The abundance of rain produced ample grasses and seeds. For several months the grass seeds remained ‘perfect,’ which worried me. Those seeds should be gone; the grass stalks should be bent and altered from the perching birds. Where were the birds? The area was too silent. I yearned for their sweet songs.
Was I witnessing Rachel Carson’s greatest fear? Where were the seedeaters, grassquits and doves? Recently a few have returned to the area.
A new disappearance adds a greater weight of concern. My neighbor Jorge manages two bee hives; he told me a few weeks ago that one hive has been lost (No obvious dead bees near the hive) and that the other hive is sick. He is nursing Hive 2 back to health (we hope!)
It’s easy for many to dismiss the absence of a petite little bird, but when honey bees start vanishing, a greater percentage of people are alarmed. I now search for honey bees while walking and taking the bird census inventories. So far, I have seen zero.
“We have the choice to use the gift of our life to make the world a better place–or not to bother” ― Jane Goodall
Thank you Harrison Ford for speaking up! David Attenborough’s voice is also respected:
With concern I photographed a discarded packet of dry-powdered pesticide, then pondered what I was witnessing. I looked across the lovely-to-the-eye green pastures. What did it look like with the original habitat, and what animals might have lived where I was standing… Those species continue to be squeezed out of areas until there are no new places to go. Those species, in a way, are immigrants as well.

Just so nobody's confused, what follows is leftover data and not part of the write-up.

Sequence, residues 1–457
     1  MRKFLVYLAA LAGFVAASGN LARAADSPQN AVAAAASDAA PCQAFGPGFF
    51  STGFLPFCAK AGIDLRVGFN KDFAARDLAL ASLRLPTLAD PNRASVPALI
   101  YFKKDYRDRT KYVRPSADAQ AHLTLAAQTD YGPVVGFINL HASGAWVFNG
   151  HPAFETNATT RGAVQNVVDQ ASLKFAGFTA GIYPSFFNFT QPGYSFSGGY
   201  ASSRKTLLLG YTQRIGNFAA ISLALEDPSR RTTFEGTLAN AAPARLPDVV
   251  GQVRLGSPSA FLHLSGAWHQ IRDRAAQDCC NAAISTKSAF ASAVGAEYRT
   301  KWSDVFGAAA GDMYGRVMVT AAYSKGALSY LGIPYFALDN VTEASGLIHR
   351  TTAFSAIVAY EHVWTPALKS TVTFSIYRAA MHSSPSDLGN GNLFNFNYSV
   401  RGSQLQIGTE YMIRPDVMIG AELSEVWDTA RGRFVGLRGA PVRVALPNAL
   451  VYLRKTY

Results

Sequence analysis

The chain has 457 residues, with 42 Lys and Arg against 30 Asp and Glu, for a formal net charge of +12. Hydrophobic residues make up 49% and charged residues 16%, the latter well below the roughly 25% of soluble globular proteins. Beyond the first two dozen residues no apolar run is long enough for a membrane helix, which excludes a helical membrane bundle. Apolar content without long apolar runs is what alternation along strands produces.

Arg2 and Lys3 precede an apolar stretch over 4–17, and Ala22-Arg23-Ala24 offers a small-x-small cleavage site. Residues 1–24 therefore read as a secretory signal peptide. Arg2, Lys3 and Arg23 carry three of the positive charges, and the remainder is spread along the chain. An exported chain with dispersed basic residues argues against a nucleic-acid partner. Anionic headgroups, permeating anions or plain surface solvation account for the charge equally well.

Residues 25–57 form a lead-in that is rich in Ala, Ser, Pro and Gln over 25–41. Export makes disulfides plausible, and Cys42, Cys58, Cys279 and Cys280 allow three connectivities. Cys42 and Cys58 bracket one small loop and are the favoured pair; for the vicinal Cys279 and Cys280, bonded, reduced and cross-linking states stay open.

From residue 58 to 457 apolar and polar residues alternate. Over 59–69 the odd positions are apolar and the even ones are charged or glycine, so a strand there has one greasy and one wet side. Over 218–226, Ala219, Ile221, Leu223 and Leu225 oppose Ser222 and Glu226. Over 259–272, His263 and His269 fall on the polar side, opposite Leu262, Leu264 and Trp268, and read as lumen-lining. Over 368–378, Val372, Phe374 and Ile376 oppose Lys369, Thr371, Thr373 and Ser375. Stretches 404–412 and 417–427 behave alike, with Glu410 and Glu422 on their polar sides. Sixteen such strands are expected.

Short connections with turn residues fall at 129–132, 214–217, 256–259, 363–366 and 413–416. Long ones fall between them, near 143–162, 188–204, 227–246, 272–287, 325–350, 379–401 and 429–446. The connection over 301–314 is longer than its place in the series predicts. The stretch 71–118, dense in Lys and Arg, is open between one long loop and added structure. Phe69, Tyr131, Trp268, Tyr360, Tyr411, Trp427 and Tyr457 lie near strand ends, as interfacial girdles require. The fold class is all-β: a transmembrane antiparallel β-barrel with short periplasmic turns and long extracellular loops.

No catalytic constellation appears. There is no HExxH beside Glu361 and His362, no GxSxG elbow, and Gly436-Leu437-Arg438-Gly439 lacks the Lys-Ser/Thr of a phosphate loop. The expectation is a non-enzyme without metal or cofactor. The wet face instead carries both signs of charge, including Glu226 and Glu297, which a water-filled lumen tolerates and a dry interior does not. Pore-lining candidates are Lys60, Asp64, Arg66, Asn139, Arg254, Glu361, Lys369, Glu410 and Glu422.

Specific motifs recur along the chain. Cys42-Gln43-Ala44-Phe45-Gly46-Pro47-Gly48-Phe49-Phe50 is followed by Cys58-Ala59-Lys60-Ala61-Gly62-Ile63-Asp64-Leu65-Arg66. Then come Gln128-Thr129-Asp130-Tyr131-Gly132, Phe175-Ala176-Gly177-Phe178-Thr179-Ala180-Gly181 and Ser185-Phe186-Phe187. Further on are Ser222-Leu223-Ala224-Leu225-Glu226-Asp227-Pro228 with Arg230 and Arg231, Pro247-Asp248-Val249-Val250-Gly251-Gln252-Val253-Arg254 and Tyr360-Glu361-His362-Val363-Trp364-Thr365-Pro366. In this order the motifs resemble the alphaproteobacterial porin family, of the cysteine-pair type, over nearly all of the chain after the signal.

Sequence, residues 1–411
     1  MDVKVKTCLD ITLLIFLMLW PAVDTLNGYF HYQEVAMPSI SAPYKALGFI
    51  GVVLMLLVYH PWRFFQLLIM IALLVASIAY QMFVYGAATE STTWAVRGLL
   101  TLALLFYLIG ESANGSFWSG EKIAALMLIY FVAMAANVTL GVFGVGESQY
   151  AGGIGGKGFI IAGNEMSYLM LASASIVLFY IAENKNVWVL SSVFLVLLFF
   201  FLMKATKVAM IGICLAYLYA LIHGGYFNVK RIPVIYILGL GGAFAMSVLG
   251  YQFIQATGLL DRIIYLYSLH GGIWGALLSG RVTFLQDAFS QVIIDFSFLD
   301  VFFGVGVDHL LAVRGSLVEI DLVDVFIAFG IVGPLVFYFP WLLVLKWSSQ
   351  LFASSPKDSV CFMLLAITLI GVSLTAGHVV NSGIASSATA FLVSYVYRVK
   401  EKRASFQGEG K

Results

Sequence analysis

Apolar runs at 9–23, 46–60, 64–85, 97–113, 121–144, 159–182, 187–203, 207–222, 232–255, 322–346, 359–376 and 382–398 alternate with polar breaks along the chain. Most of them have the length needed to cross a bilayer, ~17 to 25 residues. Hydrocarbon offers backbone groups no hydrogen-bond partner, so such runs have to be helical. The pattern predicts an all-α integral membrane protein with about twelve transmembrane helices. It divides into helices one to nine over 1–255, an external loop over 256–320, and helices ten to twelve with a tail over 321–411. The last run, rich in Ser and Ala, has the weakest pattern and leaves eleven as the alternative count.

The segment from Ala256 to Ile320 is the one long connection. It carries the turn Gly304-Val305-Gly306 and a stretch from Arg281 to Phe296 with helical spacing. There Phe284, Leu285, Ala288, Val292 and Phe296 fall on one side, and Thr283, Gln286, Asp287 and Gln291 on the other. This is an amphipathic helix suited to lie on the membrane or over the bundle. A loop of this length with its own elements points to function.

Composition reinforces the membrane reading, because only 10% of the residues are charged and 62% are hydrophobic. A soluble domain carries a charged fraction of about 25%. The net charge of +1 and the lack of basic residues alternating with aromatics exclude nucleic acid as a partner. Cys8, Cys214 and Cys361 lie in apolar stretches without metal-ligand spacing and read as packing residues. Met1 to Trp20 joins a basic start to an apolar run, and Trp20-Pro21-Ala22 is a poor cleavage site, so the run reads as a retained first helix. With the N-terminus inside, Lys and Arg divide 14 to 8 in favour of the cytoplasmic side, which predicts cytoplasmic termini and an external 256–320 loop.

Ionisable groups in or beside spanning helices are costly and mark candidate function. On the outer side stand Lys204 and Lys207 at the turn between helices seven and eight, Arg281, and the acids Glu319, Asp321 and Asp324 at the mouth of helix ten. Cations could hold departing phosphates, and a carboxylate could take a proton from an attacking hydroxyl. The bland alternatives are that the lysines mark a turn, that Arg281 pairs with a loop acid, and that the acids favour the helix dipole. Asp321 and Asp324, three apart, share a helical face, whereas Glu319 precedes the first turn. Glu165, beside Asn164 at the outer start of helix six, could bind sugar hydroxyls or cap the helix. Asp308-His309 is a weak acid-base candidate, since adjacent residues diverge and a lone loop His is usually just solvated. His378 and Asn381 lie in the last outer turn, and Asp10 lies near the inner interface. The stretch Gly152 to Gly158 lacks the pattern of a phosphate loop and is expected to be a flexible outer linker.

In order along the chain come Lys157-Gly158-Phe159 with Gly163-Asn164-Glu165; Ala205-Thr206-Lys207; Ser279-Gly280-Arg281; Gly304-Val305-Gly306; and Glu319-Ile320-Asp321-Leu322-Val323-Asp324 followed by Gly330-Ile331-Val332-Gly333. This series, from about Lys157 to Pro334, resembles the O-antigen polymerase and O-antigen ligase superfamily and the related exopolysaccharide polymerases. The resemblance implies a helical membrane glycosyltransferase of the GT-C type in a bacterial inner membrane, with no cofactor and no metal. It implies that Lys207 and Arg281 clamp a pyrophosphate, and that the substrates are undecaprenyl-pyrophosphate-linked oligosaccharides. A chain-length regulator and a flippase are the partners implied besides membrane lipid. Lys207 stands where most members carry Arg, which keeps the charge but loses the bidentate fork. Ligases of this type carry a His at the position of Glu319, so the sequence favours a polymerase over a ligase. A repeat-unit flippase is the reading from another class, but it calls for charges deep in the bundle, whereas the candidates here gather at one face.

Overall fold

I rarely eat meat any more, but I do love cheeses, and milk in my coffee. I too am contributing to this ‘need for pastures’ as long as I’m a consumer of dairy products. I wondered how many people knew that we were losing species – and I was witness to it on an intimate level. I thought about those cattle eating the sprayed grasses, of the chemical going into the meat, the milk, the cheeses.
I didn’t want milk or cheese. I had zero appetite. I wanted to cry, then cry more – all because of the absence of the tribes of grassquits and seedeaters that once thrived in that area.
Some people shrug about a 2-degree change in temperature. Since my fever reached 104 with my first case of Dengue Fever, I easily use that example – what’s the difference in having a fever of 100.8 and 104? It’s huge. (2 celcius = 3.6 F)
“We can put solar panels on every house, we can turn every car into an electric vehicle, as long as Sumatra burns, we will have failed.. So long as the Amazon’s great forests are slashed and burned, so long as the protected lands of tribal people, Indigenous people, are allowed to be encroached upon, so long as wetlands and bog peats are destroyed, our climate goals will remain out of reach… and we will be shit out of time.” Harrison Ford
My favorite Jane Goodall quote is one she often states in her speeches, ” …the-most-intellectual-creature-to-ever-walk-earth-is-destroying-its-only-home
Spend two minutes to hear this lovely-woman’s words.
Comments are closed; please take a few moments and ponder how fragile our planet is, and what life might be like if you realized that the sparrows or wrens were gone. Would you miss them?
“What is the extinction of a condor to a child who has never seen a wren?”
— Robert Pyle